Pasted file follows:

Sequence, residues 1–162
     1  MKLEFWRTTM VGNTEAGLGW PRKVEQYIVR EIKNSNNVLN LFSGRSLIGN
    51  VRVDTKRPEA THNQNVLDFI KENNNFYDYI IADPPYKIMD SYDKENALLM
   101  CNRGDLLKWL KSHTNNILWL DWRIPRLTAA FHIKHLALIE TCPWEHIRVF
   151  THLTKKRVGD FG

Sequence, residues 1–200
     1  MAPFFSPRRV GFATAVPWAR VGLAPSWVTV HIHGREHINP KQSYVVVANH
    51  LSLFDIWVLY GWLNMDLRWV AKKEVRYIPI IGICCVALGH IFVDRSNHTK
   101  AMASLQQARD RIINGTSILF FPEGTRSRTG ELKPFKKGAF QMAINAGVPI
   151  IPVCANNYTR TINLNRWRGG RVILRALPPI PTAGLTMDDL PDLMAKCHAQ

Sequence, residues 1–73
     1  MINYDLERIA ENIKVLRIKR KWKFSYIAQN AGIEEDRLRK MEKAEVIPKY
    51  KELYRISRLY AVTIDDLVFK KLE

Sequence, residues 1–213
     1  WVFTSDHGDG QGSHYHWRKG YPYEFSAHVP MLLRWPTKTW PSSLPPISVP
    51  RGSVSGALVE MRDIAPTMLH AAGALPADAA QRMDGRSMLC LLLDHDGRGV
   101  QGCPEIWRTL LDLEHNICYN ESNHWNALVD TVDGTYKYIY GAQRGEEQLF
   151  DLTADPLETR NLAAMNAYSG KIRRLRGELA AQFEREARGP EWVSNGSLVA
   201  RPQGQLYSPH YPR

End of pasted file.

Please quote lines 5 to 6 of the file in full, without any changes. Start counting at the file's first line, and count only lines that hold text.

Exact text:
   151  THLTKKRVGD FG

Sequence, residues 1–200